What about Bernard Madoff?
Madoff, too, traded on his membership in a religious community. Many of his investors were wealthy Jewish philanthropists whom he met at charitable events or at a Palm Beach country club. Madoff claimed he could earn steady returns of 10 percent to 15 percent a year using a secret stock-trading strategy. (In fact, Madoff may never have made a single trade.) And he added a clever twist. Unlike most Ponzi promoters, Madoff ran his so-called hedge fund like an exclusive club. By threatening to turn away would-be investors, he only increased their appetite to invest. Madoff raised as much as $50 billion, allegedly paying out some of the money as dividends to maintain the fiction, donating millions more to nonprofits, and spending much of the rest on real estate, jewelry, and high living.

Why can’t a Ponzi scheme run forever?
Eventually, the fraud who’s running the scheme runs out of suckers, either because the pool of potential investors is exhausted, or because investors begin to smell a rat and demand their money back. “The fuel of a Ponzi is cash infusion,” says lawyer Michael Goldberg. Madoff’s undoing was the worldwide financial crisis, which prompted many investors to try to liquidate. He was unable to bring in the funds to meet the redemption requests, and his house of cards collapsed.

How can you spot a Ponzi scheme?
By asking the right questions. Among them: Is one of the “Big Four” accounting firms auditing your finances? Madoff’s auditor was a virtually unknown three-person accounting firm operating out of a strip mall. Investors should also ask if the fund’s assets are held by an independent third-party custodian who can verify that they actually exist. Madoff had no custodian. Finally, beware of any fund that produces steady returns regardless of whether the market is up or down. No one is that consistent—even Warren Buffett hits rough patches. Ultimately, the old cliché applies: If something sounds too good to be true, it probably is.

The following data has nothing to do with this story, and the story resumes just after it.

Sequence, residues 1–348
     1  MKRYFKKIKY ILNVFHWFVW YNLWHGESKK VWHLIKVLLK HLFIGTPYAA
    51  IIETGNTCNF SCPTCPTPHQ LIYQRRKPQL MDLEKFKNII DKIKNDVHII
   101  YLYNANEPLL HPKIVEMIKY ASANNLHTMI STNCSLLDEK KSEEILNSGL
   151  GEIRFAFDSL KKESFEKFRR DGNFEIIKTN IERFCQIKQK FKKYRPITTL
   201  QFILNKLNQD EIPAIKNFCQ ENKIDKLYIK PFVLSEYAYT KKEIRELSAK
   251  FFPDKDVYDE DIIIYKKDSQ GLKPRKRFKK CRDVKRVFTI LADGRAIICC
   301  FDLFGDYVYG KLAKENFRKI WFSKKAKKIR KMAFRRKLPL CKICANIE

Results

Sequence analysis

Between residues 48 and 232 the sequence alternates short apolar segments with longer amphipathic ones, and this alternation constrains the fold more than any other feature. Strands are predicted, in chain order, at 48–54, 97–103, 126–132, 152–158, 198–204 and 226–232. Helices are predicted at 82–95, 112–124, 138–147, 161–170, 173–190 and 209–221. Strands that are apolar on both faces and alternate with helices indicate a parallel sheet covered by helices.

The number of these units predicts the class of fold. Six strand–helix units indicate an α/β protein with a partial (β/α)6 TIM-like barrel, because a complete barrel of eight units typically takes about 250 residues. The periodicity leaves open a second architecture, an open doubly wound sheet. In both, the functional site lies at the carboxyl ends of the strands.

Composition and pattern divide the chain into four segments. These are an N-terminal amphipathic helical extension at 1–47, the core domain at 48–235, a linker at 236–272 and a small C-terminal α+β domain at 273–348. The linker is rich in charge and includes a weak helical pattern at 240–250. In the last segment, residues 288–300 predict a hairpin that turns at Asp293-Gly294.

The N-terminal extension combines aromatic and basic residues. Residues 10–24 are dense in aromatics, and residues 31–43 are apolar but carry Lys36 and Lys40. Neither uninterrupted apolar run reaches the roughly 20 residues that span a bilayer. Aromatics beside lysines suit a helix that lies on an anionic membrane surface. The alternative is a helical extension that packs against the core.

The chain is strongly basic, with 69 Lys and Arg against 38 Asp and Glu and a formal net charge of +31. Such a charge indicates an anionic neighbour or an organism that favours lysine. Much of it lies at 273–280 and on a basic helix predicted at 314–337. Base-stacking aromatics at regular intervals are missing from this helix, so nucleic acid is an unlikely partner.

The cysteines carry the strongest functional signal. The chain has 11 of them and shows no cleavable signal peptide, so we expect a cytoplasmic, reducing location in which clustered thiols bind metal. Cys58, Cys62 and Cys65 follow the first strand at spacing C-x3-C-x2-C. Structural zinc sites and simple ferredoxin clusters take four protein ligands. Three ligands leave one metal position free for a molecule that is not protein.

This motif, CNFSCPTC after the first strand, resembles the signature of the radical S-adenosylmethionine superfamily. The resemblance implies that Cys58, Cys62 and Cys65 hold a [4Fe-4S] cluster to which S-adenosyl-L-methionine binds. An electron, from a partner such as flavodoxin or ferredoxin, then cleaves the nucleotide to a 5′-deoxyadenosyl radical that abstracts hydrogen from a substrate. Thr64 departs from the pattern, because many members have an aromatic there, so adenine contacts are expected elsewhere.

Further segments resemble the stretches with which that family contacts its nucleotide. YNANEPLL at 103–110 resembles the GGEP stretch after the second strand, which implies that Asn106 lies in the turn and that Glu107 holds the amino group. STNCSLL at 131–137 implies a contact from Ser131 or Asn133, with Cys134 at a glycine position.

The gullible professor
The irony is almost too rich: A psychology professor, about to publish a book about human gullibility, invests a good chunk of his retirement savings with Bernard Madoff and loses it all. That’s what happened to Stephen Greenspan, author of Annals of Gullibility: Why We Get Duped and How to Avoid It. Detailing his misadventures in The Wall Street Journal, Greenspan said it started when his sister and some of her friends, all longtime Madoff investors, urged him to get in on a good thing. They “convinced me that I would be foolish not to take advantage of this opportunity,” Greenspan writes. He was so eager to believe, that when a financially savvy friend warned him against the investment, Greenspan dismissed the warning as “knee-jerk cynicism.” Only self-deception, Greenspan says, can account for the foolish choices made by otherwise intelligent people. “They had too good a thing going,” Greenspan says, “to entertain the idea that it might all be about to crumble.” And as long as humans remain prey to self-deception, Ponzi schemes will continue to succeed—until they collapse.